Objective To examine factors associated with successful vaginal birth after cesarean (VBAC) and to validate a previously established prediction model. Methods In a retrospective study, data were obtained for women with one prior low-transverse cesarean procedure who underwent a trial of labor with a cephalic singleton pregnancy at term at one UK hospital between January 2000 and August 2013. Univariate analysis and logistic regression analysis were used to identify maternal demographic characteristics significantly associated with successful VBAC and factors independently associated with this outcome, respectively. A prediction model was built, and predicted probabilities were compared with observed frequencies. For validation, probabilities were also calculated by a previous prediction model. Results Overall, 1463 women formed the cohort. Successful vaginal delivery was achieved in 1050 (71.8%) women. The only factors significantly associated with unsuccessful VBAC were Asian (odds ratio [OR] 1.59, 95% confidence interval [CI] 1.14-2.23) or African (OR 1.80, 95% CI 1.23-2.64) ethnic origin, and previous cesarean for failure to progress (OR 6.39, 95% CI 4.81-8.49). The predicted and observed probability of successful VBAC were well correlated (Spearman ρ, 0.905; P = 0.002). The established prediction model was less accurate. Conclusion Previous cesarean performed for failure to progress and Asian/African ethnic origin were associated with unsuccessful VBAC. The performance of a previous prediction model was inferior.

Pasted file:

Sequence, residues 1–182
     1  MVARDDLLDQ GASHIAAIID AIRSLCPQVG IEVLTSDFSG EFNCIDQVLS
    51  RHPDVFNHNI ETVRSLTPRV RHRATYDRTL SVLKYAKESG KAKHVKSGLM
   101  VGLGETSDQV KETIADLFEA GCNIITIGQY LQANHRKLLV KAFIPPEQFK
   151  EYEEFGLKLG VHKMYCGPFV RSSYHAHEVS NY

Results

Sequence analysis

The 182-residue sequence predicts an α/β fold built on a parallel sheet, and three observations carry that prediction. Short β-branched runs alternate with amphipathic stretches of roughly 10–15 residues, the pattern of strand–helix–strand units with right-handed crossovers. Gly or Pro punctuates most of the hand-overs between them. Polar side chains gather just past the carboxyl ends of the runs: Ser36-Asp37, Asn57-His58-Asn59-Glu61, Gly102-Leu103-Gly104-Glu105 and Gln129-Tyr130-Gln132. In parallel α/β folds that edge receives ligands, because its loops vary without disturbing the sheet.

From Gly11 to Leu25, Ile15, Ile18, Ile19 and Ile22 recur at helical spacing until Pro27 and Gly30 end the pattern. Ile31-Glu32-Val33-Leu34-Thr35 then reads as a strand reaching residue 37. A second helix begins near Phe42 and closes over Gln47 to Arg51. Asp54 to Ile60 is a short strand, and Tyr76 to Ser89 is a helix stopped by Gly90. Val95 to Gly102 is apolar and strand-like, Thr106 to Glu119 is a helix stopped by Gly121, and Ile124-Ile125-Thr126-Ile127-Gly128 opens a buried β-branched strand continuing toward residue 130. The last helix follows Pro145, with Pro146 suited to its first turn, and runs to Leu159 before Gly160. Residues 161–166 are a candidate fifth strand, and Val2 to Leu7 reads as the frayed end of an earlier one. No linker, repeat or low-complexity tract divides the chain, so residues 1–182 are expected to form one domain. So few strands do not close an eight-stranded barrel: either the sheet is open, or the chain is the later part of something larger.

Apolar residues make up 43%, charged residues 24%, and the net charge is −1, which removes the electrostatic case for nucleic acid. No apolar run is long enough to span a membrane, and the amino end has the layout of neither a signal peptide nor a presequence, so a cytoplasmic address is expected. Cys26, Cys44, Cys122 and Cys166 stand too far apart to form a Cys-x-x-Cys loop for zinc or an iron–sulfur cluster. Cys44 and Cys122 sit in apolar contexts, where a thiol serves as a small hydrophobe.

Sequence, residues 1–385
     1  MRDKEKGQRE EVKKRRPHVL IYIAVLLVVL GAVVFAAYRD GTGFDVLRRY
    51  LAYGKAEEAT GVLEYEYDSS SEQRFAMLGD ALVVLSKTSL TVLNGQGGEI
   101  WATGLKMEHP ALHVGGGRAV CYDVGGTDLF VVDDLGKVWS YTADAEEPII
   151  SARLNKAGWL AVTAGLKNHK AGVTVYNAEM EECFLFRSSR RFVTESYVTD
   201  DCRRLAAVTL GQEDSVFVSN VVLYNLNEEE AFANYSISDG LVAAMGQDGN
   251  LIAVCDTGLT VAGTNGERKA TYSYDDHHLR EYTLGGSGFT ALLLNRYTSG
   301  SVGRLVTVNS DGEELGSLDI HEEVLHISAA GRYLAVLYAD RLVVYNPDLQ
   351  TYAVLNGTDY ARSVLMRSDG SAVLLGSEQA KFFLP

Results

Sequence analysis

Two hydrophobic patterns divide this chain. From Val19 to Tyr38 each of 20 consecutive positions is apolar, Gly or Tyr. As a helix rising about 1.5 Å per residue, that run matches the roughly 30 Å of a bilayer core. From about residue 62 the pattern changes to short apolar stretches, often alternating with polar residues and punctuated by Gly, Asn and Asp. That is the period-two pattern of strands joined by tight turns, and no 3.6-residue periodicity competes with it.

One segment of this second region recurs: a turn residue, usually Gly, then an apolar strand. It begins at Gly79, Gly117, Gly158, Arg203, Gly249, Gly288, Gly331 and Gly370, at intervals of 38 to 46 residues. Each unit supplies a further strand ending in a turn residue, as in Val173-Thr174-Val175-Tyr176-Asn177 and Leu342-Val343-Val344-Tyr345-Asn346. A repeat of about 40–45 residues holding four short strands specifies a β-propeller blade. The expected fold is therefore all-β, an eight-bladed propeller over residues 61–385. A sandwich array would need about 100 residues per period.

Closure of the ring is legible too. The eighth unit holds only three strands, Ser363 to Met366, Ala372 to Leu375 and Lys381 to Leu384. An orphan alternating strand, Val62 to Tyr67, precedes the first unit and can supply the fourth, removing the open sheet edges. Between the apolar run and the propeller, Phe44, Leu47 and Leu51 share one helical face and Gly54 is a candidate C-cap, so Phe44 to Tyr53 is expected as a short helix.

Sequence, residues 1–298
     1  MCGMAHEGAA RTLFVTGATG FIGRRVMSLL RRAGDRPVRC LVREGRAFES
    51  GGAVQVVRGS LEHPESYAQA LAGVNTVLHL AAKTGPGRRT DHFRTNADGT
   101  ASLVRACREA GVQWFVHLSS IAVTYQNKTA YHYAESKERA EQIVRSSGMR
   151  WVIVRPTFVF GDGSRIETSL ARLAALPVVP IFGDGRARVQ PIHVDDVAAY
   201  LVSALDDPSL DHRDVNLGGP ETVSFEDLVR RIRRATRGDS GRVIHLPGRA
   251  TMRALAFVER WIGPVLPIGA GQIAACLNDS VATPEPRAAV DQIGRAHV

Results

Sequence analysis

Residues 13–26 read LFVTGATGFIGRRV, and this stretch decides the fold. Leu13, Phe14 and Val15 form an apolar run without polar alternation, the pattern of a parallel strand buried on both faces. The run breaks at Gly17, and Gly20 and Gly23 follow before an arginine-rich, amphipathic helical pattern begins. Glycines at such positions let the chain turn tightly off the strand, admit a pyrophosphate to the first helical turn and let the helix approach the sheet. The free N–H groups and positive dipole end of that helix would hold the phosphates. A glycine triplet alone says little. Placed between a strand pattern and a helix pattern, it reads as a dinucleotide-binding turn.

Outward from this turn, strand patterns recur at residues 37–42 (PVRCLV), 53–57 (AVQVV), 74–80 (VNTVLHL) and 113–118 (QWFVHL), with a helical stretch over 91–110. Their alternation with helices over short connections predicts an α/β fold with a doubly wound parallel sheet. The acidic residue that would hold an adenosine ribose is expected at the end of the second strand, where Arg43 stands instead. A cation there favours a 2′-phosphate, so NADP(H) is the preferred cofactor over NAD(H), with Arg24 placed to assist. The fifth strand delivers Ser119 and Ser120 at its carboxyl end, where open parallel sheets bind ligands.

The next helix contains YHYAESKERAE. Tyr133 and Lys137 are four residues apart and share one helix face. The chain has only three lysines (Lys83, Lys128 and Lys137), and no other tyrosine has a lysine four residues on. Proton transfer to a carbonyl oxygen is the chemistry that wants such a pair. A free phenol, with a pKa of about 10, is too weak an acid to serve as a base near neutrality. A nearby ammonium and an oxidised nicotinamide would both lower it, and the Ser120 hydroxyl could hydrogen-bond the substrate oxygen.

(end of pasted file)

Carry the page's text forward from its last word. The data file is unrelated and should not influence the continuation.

|Number of pages||4|
|Journal||International Journal of Gynecology and Obstetrics|
|Publication status||Published - 1 Jun 2016|
- Vaginal birth after cesarean